Want to see a potential good result of Disney milling the Star Wars universe for everything it’s worth? Read:
Unadulterated, “pure” versions of the original Star Wars films are difficult to come by. Except for one sad, low-resolution release on DVD in 2006 (which we’ll discuss in a moment), the films have only been available in their modified “Special Edition” forms since 1997, when George Lucas re-released the films to theaters with a series of changes. Some of those changes aren’t bad at all—the fancy new attack on the Death Star in Episode IV is perfectly cromulent—but others are absolutely terrible. In Return of the Jedi, Jabba’s palace gains an asinine CGI-filled song-and-dance interlude. Dialogue is butchered in Empire Strikes Back. And in the first movie, perhaps most famously, Han no longer shoots first.
Each subsequent release has piled on more and more changes, culminating in the Star Wars Blu-ray release, which now has Return of the Jedi climaxing with Darth Vader howling “NOOOOOOOO!” as he flings the Emperor into the shaft (spoiler alert from 1983, I guess). For every round of changes, the fan outcry for an unedited original release has grown. And now that Disney has its hands wrapped firmly around the Star Wars steering wheel, the company seems to be in the perfect position to give the fans what they want.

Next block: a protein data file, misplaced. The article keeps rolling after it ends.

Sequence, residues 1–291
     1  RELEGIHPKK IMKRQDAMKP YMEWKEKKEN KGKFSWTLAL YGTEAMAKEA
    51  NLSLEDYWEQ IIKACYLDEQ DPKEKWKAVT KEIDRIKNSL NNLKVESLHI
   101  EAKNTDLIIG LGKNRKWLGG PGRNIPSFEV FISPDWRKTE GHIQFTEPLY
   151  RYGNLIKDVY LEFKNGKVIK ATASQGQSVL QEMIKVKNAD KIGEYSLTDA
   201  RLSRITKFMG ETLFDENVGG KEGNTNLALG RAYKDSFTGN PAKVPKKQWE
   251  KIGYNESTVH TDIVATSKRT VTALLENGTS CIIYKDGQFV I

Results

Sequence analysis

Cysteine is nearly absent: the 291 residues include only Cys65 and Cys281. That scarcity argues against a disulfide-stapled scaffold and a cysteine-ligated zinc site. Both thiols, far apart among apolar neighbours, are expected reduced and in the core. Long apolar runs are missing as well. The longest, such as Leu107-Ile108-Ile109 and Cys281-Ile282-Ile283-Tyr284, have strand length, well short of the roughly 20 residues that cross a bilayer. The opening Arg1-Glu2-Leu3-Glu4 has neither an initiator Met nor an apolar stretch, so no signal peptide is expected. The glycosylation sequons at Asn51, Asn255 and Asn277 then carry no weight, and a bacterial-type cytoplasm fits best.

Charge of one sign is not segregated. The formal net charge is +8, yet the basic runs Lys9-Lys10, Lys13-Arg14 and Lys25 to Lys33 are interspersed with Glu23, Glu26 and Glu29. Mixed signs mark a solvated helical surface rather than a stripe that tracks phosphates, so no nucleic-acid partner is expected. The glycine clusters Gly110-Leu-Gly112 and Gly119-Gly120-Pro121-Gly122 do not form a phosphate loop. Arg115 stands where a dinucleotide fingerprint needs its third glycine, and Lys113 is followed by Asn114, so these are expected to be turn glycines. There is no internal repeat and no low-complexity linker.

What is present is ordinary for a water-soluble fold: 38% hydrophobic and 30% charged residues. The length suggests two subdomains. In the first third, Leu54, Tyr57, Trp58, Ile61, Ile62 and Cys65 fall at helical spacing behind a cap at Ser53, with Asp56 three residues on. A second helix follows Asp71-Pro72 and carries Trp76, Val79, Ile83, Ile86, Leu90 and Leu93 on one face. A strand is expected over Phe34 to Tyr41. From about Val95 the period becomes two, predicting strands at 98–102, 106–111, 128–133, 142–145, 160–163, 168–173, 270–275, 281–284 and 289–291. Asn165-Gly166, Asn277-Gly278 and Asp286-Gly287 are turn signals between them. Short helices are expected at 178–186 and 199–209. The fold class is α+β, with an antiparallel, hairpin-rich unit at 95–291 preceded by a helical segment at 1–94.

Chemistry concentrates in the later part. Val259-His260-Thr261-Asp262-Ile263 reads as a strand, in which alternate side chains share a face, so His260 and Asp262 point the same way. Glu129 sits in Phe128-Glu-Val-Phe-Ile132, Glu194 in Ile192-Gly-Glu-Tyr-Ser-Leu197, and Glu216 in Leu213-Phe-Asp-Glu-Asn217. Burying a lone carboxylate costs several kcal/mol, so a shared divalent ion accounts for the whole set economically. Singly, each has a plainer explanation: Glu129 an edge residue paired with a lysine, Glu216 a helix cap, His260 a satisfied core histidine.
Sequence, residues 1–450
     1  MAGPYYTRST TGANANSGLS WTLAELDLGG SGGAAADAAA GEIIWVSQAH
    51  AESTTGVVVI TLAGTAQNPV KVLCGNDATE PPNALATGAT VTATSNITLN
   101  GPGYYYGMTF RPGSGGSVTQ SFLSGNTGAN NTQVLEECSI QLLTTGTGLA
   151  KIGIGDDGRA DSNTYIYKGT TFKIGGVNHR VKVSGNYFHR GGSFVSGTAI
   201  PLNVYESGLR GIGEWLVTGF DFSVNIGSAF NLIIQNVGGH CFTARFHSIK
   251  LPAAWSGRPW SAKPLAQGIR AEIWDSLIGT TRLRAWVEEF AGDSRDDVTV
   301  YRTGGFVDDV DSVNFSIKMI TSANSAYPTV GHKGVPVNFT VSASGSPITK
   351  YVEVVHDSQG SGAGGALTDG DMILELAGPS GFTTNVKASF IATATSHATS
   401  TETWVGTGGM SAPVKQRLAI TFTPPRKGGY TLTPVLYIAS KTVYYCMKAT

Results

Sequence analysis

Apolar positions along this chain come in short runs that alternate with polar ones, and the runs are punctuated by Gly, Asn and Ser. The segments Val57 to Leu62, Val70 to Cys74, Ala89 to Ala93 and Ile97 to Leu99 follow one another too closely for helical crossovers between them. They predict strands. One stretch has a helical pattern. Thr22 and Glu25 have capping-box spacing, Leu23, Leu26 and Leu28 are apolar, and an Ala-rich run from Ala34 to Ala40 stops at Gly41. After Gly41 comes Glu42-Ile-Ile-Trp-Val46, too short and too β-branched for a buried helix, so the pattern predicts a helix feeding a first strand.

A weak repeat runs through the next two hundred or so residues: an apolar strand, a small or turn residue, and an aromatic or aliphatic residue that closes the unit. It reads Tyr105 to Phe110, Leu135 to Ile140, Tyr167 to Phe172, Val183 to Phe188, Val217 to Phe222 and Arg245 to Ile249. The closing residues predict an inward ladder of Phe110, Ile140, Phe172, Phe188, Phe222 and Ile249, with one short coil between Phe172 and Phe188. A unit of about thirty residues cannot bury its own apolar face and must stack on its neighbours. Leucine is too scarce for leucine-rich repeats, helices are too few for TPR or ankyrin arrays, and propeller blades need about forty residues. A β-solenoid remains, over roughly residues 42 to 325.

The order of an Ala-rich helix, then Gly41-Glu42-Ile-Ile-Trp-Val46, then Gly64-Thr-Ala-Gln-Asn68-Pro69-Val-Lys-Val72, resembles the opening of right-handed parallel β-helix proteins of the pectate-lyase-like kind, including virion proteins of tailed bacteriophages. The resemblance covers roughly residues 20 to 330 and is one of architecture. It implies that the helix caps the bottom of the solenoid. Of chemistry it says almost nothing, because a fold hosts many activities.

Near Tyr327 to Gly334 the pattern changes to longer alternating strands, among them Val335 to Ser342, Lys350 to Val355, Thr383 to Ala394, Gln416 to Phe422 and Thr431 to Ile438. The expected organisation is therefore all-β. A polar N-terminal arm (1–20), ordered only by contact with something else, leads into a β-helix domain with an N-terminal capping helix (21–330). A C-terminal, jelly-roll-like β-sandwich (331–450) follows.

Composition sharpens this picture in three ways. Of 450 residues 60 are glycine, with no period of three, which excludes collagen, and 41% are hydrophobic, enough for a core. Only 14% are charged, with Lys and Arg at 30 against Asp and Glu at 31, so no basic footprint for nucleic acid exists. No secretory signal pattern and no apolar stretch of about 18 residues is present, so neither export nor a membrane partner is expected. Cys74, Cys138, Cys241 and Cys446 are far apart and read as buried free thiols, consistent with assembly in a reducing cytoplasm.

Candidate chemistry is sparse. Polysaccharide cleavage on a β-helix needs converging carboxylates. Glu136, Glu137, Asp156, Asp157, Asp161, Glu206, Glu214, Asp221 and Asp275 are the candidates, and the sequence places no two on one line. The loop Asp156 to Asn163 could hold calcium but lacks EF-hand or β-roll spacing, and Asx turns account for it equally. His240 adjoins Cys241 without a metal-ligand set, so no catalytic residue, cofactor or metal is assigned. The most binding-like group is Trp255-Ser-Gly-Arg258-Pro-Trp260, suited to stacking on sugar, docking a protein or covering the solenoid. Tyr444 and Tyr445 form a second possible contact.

It all depends on the analog source material, which the story reports is “actually in pretty terrible shape.”
Better start restoring it now, is all I have to say about that.